4. DP Ralf Vogt
DP Ralf Vogt (Leipzig) Dr. Vogt is a psychotraumatologist and psychoanalyst working in private practice. He is also an analytical body psychotherapist, family therapist and clinician for imaginative psychotherapy (guided imagery). He has been working with complexly traumatized clients for about 20 years. Since 2000, he and his wife have been working together on the development of their own treatment program for dissociative disorders, SPIM 30. Together, they founded the Trauma Institute Leipzig as a training and research center in 2002. Dr. Vogt is a Past Board Member of the International Board of the ISSTD. In 2011, he received the Fellow Award for outstanding achievements in the field. He is the author of numerous books on the subject.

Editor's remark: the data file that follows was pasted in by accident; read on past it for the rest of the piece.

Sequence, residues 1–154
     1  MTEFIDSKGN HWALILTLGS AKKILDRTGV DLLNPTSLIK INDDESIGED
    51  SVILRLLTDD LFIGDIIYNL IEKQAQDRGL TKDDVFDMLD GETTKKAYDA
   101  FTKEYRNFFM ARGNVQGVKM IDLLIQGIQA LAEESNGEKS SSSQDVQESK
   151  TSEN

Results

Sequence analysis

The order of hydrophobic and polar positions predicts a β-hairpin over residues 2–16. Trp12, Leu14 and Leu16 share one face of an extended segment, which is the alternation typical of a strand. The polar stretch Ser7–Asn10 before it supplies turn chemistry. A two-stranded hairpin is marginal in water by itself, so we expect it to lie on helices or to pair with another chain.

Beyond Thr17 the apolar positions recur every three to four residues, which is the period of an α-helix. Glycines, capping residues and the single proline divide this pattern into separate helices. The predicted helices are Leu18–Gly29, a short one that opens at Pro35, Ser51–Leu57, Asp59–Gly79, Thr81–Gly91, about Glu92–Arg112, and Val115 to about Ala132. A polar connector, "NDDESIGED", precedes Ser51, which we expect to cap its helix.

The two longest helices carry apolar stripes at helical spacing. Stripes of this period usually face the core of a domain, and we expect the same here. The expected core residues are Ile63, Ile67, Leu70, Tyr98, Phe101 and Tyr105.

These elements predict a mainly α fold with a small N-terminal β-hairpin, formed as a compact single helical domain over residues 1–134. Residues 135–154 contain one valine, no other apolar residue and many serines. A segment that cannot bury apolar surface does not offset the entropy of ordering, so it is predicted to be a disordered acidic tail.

- Topic: “Research concept for memory level changes in trauma patients”
Zu Beginn sollen neue Erkenntnisse des SPIM 30-Modells in Bezug der neurobiologischen At the outset, new findings from the SPIM-30 model will be outlined theoretically in terms of neurobiological links to the Polyvagal theory by Porges, as well as our own classification of trauma types, perpetrator attachment structures and the gradual memory reconstruction work. Then, the practical implications of these findings will be discussed. Bridges to contributions from American colleagues (Kluft, Putnam) and Dutch trauma specialists (Van der Hart, Nijenhuis, Steele) will be pointed out, and integrative connections will be established. The aim here is to make the 7-stage model of the SPIM-30 theory more transparent for other colleagues by comparing some of the SPIM-30 key terms and concepts with the terminology used in other renowned theories.